Added: March 27th 2011
Reviewer: shiloh noone | See all reviews by shiloh noone
Category: Music
Score:
Related Link: Seekers Guide To The Rhythm Of Yesteryear

Love – Dreamscape

Most of the finest seminal sixties bands emerged from Sunset Strip LA such as the Byrds, Buffalo Springfield, and The Doors, but none so poignant and influential as LA band Love, headed by Arthur Lee. Arthur Lee’s roots started in Memphis with his local Booker T influenced Lags, with Arthur on rhythm and vocals churning out groove ridden instrumentals like “The Ninth Wave” and “Rumble-Still- Skins”. Arthur Lee’s debut recording “Luci Baines”/ “Soul Food” was put out when he was still operating as the American Four, backed by Lags guitarist Johnny Echols and bassist John Fleckenstein. During Lee’s 1964 ‘Grass Roots’ phase (Name taken from Malcolm X quote -(Grass Roots being people in the streets doing something for themselves), he penned his debut  “My Diary” written for Rosa Lee Brooks. These early ‘Grass Root’ sessions which included “Midnight Sun” featured the first recordings of a young Jimi Hendrix while jamming in a studio. Shortly afterwards ex Sons of Adam drummer Michael Stuart joined the short-lived Grass Roots while Fleckenstein departed, later to join the Standells. (Also included was recently departed Byrds roadie Bryan Maclean)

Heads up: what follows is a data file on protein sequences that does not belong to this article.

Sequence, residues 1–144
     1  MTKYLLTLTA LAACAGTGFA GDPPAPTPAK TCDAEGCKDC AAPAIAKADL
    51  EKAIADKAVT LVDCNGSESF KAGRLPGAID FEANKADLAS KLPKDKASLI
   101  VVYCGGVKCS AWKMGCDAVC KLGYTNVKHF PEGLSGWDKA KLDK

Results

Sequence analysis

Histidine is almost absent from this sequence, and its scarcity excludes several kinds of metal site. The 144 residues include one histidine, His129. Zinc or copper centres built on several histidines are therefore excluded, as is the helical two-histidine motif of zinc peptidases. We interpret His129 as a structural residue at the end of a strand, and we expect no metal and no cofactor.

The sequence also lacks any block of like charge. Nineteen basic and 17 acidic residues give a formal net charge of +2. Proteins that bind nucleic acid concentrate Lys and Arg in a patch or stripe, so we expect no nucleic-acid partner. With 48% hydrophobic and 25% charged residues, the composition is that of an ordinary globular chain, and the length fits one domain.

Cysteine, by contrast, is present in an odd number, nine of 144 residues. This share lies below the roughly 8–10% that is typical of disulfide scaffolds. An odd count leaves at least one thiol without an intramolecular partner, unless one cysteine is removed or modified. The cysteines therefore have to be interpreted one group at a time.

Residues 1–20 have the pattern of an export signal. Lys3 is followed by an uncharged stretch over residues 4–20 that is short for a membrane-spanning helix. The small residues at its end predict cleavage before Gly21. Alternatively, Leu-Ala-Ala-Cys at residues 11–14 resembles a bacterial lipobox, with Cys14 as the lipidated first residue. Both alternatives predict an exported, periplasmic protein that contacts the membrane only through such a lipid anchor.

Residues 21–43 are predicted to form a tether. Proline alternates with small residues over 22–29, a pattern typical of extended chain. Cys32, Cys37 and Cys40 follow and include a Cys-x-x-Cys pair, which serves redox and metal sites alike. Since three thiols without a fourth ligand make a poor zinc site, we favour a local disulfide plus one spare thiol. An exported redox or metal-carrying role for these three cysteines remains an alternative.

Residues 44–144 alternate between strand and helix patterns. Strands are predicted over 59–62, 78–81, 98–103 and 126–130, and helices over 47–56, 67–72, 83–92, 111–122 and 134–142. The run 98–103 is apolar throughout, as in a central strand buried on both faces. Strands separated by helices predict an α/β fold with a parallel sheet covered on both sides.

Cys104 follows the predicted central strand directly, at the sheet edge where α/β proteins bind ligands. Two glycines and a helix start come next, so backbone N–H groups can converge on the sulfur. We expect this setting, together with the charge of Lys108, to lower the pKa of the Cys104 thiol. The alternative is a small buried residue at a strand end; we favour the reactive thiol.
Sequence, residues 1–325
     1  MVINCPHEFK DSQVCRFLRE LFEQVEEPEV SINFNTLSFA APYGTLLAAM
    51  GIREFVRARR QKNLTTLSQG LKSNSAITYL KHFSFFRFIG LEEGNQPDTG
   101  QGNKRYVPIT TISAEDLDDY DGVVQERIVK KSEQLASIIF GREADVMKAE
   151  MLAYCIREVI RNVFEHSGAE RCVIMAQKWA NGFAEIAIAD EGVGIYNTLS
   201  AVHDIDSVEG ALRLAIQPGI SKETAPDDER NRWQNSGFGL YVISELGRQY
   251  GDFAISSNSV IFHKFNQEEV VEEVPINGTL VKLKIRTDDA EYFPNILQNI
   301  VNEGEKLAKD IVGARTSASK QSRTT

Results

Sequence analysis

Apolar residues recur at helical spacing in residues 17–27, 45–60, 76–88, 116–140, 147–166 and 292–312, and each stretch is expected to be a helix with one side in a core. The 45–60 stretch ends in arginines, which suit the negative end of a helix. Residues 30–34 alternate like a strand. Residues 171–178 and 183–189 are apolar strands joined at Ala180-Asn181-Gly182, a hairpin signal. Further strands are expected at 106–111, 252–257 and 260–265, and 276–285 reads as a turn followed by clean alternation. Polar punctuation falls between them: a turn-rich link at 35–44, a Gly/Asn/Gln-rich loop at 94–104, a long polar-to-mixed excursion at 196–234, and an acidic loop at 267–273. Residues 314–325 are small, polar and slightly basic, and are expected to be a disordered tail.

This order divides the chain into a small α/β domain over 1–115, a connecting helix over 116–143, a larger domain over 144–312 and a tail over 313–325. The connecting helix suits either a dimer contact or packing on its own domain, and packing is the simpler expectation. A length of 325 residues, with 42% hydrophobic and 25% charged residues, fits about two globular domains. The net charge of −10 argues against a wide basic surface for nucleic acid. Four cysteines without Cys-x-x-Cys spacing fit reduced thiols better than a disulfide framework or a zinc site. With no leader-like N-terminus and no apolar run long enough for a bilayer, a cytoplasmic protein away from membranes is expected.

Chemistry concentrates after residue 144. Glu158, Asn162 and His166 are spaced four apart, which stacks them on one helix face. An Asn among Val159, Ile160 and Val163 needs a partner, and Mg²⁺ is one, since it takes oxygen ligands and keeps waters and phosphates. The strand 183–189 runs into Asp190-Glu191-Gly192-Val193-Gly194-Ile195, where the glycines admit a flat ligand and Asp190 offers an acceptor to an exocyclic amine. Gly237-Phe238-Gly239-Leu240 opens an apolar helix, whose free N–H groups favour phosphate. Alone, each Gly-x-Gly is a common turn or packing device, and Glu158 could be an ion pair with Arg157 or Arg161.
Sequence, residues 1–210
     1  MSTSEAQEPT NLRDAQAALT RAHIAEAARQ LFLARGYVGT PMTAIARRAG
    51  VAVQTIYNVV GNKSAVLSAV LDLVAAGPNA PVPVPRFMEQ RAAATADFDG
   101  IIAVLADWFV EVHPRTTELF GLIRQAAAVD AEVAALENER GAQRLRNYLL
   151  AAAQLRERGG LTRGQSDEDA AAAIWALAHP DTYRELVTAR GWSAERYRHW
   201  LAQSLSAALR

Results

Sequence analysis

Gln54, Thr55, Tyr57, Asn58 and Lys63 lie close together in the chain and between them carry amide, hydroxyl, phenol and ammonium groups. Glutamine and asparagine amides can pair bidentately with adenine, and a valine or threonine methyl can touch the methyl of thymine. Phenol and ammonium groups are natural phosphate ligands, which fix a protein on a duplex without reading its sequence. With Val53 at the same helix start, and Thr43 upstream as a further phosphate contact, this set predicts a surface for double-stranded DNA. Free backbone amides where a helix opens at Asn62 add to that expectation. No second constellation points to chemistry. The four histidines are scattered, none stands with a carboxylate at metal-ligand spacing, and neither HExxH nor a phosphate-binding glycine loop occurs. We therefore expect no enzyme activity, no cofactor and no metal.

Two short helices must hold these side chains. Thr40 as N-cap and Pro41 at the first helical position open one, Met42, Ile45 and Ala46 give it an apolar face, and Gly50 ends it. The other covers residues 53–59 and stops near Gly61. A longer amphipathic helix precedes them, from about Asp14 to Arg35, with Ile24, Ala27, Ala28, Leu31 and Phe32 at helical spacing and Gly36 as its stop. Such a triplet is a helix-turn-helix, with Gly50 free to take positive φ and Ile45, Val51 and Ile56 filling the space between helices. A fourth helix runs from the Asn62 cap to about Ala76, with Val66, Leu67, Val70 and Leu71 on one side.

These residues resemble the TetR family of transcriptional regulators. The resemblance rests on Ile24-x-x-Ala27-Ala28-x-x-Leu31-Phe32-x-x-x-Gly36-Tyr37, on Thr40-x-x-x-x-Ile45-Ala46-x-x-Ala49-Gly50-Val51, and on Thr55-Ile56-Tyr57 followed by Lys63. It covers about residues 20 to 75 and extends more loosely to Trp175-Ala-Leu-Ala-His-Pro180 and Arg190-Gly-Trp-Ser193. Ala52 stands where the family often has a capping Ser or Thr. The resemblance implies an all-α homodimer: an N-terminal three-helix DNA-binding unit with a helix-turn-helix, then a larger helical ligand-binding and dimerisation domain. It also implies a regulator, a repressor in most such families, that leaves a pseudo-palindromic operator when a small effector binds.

Inevitable ‘Dunhill’ pressure forced Arthur to give up their name due to P.F. Sloan & Steve Barri owning the rights. Sloan’s Grassroots had already cleaned the charts with “Midnight Confessions” and “Lets Live for Today” and ‘Dunhill’ wasn’t going to take a chance on Lee’s esoteric ambitions. The latter stages included bassist Ken Forssi who had played for the Surfaris during their “Wipe Out” period, drummer Alban Pfisterer who played on “Seven And Seven Is”, guitarist John Echols and flautist/saxophonist Tjay Cantrelli. Love were a combination of flower-children and their first album (folk/rock) sold a 150 000 copies. (Jim Morrison was obsessed with Love citing them as masters of the esoteric mansion and wilfully hoping to join their level of status) With Arthur often quoting Miles Davis’ Sketches of Spain to being his primal influence with its surreal vibrations, Love were the coolest band on the Strip, quote Peter Fonda‘It was an awesome sight to see Johnny Echols wielding the double neck Gibson and steering the group into worlds beyond the tangible format’. Their late night sessions at Bido Lito’s were out of this world. The group’s 1966 eponymous debut churned out a devastating jazz version of Burt Bacharach’s “My Little Red Book” previously read by Manfred Mann in the soundtrack What’s New Pussy Cat.